Evaluating the Psychometric Properties of Three Clinical Trial Outcome Measures for Rett Syndrome: The purpose of this research study is to document the psychometric properties of three non-invasive, clinic-friendly, and quantifiable outcome measures reflecting pathologically- and clinically-relevant symptoms of Rett Syndrome (RTT). Despite several ongoing or pending clinical trials for pharmaceutical interventions in RTT, there are currently no agreed-upon outcome measures sufficiently validated for use in the RTT patient population. We have identified three potential non-invasive measures that reflect clinical features of RTT and that have preliminary evidence of feasibility. The next step is to document the reliability and validity of these measures in clinical populations. We also plan to pilot an ambulatory measure of skin temperature that has been used in other clinical populations, as a means to evaluate peripheral temperature fluctuations and diurnal patterns.
The study consists of two components: a virtual research visit with our research team via Zoom and two, in-home collection periods using wearable technology. The virtual research visit will last around 1 hour, and we will ask parents/guardians of participants questions about their child's health, behavior, and mood. After the virtual visit, we will also send additional questionnaires via email for families to complete on their own time.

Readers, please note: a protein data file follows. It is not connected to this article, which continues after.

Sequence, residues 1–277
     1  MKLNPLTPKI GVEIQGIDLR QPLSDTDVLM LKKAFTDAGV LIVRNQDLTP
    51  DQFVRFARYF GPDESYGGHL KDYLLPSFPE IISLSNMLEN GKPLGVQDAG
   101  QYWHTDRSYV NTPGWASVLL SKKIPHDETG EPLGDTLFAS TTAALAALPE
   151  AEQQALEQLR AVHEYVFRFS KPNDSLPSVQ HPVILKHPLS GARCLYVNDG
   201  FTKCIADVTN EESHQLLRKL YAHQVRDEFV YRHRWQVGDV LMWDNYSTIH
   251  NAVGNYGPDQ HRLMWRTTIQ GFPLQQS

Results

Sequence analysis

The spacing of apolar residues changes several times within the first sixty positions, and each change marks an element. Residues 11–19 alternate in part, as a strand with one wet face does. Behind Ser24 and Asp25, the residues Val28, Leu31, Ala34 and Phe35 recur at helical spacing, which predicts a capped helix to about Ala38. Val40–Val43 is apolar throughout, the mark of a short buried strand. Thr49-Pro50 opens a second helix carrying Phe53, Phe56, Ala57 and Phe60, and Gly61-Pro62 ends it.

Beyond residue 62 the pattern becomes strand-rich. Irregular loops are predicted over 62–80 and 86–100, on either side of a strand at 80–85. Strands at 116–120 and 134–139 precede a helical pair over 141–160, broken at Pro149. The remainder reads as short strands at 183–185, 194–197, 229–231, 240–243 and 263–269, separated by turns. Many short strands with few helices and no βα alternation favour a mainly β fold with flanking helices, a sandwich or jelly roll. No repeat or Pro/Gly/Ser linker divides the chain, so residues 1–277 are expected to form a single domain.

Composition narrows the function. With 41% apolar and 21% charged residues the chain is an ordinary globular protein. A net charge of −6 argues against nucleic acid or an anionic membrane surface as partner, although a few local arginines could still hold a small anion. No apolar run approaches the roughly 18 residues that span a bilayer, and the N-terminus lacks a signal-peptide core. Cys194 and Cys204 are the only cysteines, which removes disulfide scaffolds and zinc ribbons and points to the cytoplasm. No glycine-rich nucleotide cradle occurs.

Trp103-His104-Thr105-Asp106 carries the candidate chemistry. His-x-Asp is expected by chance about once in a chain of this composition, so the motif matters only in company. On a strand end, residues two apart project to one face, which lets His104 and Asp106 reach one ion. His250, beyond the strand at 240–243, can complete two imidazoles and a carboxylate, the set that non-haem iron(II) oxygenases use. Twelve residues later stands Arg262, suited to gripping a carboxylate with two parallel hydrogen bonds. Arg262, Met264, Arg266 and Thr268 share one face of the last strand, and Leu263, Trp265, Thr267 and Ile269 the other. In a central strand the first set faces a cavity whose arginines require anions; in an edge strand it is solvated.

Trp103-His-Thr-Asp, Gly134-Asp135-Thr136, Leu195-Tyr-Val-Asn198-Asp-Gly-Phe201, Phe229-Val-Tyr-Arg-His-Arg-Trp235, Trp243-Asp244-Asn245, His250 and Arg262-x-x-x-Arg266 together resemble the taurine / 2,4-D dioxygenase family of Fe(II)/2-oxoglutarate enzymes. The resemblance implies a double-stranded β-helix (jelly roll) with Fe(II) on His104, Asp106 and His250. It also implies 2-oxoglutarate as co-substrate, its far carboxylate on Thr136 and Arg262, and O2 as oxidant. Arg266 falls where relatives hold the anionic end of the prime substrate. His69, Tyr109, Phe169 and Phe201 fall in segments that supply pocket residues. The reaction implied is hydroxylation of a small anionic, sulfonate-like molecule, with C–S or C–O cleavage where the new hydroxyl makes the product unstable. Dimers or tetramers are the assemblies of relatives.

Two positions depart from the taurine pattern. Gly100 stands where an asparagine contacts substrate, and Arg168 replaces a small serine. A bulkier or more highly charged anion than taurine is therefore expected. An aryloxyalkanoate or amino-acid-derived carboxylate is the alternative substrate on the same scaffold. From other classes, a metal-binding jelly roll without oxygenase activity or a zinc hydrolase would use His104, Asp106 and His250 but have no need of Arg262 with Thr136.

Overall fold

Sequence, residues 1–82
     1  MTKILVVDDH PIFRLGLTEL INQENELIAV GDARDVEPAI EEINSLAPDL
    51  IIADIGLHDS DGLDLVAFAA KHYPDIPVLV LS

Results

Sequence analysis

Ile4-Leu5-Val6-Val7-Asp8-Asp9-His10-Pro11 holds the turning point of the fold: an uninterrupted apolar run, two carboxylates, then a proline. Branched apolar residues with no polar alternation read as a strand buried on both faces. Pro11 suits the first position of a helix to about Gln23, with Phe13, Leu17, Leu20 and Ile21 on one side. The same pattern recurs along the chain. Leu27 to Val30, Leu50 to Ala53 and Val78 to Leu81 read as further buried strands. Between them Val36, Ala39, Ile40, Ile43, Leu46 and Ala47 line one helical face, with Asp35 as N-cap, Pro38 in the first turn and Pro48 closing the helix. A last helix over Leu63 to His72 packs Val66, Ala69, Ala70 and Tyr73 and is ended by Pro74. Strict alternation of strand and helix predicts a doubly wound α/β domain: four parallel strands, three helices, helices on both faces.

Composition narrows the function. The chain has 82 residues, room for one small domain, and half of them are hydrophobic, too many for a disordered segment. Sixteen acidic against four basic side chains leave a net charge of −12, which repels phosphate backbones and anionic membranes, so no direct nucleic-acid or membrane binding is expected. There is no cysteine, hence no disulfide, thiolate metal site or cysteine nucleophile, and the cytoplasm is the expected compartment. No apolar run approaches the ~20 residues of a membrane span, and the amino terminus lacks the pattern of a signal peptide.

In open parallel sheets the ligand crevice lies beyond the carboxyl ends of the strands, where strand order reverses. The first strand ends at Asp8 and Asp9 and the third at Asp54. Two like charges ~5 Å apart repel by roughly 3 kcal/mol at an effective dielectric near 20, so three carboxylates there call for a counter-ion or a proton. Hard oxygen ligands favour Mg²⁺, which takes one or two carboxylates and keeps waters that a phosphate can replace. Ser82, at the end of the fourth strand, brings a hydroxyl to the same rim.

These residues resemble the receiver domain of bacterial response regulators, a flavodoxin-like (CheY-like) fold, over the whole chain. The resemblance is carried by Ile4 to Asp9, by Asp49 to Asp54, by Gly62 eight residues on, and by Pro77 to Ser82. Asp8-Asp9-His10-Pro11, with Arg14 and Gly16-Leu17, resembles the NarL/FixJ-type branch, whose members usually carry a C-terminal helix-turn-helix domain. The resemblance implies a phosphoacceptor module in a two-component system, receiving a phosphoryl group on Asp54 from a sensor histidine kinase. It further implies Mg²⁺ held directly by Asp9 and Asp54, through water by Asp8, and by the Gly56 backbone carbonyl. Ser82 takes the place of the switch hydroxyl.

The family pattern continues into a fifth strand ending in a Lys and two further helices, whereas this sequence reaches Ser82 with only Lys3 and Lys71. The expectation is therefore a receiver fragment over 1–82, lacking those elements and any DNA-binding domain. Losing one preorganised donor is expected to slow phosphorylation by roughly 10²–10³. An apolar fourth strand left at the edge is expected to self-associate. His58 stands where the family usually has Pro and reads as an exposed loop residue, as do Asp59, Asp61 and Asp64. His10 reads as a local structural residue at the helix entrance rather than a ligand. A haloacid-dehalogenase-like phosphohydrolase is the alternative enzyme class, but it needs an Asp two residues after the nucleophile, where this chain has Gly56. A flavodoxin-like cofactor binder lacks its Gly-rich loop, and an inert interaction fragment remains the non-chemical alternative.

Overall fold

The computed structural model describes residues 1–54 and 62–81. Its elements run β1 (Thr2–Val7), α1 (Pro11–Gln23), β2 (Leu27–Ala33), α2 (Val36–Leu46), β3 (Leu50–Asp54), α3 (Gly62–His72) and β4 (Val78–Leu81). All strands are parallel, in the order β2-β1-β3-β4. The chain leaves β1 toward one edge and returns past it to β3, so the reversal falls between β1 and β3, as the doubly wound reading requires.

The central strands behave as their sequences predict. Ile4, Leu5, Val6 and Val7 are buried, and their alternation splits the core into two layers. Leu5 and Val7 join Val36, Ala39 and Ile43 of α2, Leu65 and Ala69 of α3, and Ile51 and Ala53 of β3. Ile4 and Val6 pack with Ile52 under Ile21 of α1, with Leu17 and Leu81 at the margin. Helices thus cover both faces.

The two, in-home collection periods will last for 14 days, 4-6 weeks apart. Research staff will send a sleep watch, and 3 temperature sensors to the family's home. During these collection periods, we will ask families to have their child wear a sleep watch (looks like a Fitbit) for 14 days. This sleep watch will record the participant's activity when they are asleep and awake. We will ask families to fill out a sleep diary for their child during this time too. Families will repeat this process 4-6 weeks later.
In addition to the sleep watch, we will ask participants to wear 3, small temperature sensors on their feet and abdomen. These temperature sensors will be taped the participant's feet and abdomen using hypoallergenic tape. We will also families to leave the temperature sensors on their child's body for 7 days. Families will repeat this process 4-6 weeks later as well.
- Clinically or genetically-diagnosed Rett syndrome, MECP2 duplication syndrome, CDKL5 syndrome, FOXG1 syndrome, or a pathogenic mutation of MECP2, CDKL5, or FOXG1 with intellectual/developmental delay without a diagnosis of Rett syndrome.
- Non-verbal or minimally verbal.
- All ages.